Before including a transcript in a record on appeal (or appendix) and asking the Appellate Division to rely upon it, practitioners must first determine whether the transcript needs to be settled, and, if so, take the necessary steps to do so. Section 5525 of the CPLR governs transcripts and the settlement thereof.1
When does a transcript need to be settled?
Not every transcript needs to be settled to be included in a record on appeal. Only transcripts of “proceedings,” i.e., those that contain sworn witness testimony and/or are the recitation of the court’s order (without the order being reduced to writing), need to be settled. Thus, hearing transcripts that involve only attorney argument and colloquy with the judge or hearing officer need not be settled. Additionally, transcripts which were annexed to other documents as exhibits in the trial court do not need to be settled before they become part of the record on appeal.
The 15-day notice
Once a transcript has been ordered and received from a stenographer or court reporter, the appellant is required to serve a copy of the transcript, together with any proposed changes, on the respondent.2 Accompanying the copy of the transcript should be what is termed “the 15-day notice.” Such a notice advises the respondent that he or she has 15 days to make and serve proposed amendments or objections to the transcript, or the transcript will be deemed settled. A sample of such notice is available here.
Usually, when serving the transcript and 15-day notice, it is best to include a cover letter and proposed stipulation to settle the transcript. Essentially, the stipulation agrees that, subject to whatever amendments have been proposed and agreed to by the parties, the transcript may be deemed correct and settled. A sample of such a stipulation is available here.
If the respondent’s attorney does not respond to the 15-day notice or does not propose any amendments during the 15-day period, the appellant’s counsel may execute an Affirmation of Compliance to settle the transcript. This affirmation explains that the attorney complied with the requirement of a 15-day notice pursuant to CPLR § 5525 and no proposed amendments have been provided by the respondent’s counsel during the appropriate time. Upon execution of this affirmation, the transcript is deemed settled. A sample of such an affirmation is available here.
Be sure to note that only a stipulation or an Affirmation of Compliance is required to settle a transcript, but not both.
If the parties still can’t agree…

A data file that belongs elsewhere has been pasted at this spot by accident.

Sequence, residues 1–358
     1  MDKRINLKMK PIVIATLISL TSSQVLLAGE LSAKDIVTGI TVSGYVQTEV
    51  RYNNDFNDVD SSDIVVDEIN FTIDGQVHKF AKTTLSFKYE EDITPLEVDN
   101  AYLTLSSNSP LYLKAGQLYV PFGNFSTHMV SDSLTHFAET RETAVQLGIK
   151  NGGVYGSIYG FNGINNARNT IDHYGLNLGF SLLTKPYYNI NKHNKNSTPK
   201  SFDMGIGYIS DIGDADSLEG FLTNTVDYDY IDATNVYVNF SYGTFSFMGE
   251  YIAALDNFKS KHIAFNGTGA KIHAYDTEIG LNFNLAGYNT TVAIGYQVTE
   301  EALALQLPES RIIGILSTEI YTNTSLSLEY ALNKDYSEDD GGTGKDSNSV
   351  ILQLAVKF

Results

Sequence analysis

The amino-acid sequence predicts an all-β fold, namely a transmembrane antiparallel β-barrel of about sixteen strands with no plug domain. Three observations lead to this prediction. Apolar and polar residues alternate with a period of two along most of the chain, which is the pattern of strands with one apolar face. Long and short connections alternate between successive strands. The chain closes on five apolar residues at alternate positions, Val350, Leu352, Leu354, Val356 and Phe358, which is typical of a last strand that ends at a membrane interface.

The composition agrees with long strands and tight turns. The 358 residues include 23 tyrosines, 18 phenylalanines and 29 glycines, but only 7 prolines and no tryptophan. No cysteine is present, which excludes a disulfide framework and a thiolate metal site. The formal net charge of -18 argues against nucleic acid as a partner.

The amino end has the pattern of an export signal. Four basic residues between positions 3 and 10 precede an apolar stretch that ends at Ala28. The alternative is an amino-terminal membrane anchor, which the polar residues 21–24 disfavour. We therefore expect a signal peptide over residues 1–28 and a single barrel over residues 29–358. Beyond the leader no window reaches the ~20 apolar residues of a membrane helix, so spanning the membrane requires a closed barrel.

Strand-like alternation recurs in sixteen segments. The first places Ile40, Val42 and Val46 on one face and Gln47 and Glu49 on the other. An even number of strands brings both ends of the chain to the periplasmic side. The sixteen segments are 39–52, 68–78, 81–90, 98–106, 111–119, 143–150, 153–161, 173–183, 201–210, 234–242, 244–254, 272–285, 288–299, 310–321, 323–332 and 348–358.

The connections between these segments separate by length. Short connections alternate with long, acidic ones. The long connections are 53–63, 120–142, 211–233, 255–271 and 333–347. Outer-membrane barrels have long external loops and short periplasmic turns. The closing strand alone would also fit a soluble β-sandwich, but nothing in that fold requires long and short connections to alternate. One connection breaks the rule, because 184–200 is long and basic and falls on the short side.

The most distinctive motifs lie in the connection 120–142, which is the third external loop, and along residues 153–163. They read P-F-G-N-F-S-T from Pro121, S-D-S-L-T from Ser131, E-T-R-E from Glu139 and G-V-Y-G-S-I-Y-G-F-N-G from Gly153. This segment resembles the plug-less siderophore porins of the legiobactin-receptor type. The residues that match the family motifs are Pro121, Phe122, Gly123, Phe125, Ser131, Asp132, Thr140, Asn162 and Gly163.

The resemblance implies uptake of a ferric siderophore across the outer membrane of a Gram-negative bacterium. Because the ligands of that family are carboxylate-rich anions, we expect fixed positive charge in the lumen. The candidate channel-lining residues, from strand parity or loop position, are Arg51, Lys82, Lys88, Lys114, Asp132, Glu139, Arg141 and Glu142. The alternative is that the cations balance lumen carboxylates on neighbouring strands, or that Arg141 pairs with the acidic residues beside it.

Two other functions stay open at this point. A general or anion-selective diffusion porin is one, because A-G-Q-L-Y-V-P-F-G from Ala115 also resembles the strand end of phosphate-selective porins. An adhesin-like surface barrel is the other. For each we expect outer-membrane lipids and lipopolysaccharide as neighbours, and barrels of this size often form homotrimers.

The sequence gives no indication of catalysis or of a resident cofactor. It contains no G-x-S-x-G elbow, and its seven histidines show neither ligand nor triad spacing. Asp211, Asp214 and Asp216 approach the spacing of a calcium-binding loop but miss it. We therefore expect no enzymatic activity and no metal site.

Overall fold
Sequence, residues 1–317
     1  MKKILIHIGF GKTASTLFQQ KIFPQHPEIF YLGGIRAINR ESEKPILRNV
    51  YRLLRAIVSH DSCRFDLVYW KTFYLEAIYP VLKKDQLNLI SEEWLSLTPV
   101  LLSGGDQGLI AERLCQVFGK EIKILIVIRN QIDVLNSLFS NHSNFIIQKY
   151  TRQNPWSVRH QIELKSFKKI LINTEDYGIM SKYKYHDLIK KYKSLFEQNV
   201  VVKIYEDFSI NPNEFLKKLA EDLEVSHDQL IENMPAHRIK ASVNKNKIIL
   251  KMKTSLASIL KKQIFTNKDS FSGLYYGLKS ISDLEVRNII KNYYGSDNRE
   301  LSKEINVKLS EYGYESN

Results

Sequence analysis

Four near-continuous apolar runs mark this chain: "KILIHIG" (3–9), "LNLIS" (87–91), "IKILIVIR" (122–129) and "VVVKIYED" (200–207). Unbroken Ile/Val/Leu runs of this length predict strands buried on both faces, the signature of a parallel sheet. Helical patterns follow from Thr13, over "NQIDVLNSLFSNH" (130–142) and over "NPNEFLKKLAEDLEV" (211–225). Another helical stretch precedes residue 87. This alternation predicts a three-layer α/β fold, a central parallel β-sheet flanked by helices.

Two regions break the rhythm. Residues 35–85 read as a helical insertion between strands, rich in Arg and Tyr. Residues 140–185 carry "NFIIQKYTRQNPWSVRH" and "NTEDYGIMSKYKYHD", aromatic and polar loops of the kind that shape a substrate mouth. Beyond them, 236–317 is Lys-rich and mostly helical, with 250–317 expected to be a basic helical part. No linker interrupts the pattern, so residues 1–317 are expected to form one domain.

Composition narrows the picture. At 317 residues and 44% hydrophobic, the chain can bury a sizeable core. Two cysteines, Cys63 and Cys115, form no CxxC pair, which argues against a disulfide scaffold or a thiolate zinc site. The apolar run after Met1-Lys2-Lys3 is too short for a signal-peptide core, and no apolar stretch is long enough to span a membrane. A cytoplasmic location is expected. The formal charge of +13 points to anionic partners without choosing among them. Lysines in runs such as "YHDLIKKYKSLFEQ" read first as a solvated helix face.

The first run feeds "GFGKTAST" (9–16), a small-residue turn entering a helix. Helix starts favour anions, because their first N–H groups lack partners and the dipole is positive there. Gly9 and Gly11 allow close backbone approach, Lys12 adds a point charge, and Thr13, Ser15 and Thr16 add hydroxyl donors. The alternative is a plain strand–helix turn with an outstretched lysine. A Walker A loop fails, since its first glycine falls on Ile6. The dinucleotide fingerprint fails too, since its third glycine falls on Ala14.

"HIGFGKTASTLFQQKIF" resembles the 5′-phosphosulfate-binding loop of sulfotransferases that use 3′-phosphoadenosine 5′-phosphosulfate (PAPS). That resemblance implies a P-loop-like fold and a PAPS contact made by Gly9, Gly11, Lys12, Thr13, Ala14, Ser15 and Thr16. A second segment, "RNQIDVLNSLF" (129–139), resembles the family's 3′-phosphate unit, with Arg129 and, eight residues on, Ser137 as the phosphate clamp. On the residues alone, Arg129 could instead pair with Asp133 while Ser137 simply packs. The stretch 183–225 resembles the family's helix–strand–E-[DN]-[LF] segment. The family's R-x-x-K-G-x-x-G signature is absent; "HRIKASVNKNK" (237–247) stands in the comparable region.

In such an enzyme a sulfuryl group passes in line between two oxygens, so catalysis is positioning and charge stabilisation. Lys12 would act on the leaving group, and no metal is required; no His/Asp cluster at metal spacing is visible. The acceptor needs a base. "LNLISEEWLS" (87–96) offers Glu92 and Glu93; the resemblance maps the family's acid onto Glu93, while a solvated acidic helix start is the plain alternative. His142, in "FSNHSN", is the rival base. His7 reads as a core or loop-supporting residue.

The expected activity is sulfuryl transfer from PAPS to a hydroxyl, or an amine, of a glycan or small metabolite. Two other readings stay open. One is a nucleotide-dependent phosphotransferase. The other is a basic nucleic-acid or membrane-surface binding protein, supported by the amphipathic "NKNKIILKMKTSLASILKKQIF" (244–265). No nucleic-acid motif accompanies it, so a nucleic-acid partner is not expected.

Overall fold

Section 5525 of the CPLR provides a procedure for settlement of the transcript in cases where the appellant’s attorney and respondent’s attorney cannot agree to the proposed amendments after service of a 15-day notice. In such cases, the appellant shall, with at least four days’ notice to the adverse party, submit the transcript, proposed amendments and objections to the judge or referee before whom the proceedings were held, and the judge or referee shall settle the transcript.
Keep in mind…
Settling transcripts takes time and some courts will not accept a record on appeal which includes an unsettled transcript. When planning to perfect an appeal, make sure you serve the 15-day notice at least 15 days sooner than you intend to perfect your appeal. If a transcript is not timely settled, it may be necessary to make a motion to enlarge a party’s time to perfect the appeal.
Additionally, if any amendments to the transcript are agreed to during the settlement process, be sure to make the physical changes to the transcript prior to including it in your record on appeal.
1Transcripts must be settled for appeals in the First, Second and Third Departments of the Appellate Division. The Fourth Department does not require settlement of the transcript. Instead, a stipulation as to the authenticity of the entire record is required in that court.
2CPLR § 5525 requires the appellant to perform this step within 15 days of receiving the transcript. However, for practical purposes, this provision is not routinely enforced, as long as the remaining steps are fully complied with.
- Appellate Division First Department – 15-Day Notice of Transcript
- Appellate Division First Department – Affirmation of Compliance
- Appellate Division First Department – Stipulation to Settle Transcript
Tagged: Appellate Practice, Appellate Procedure, New York State Appellate Division First Department, New York State Appellate Division Fourth Department, New York State Appellate Division Third Department, New York State Appellate Division Second Department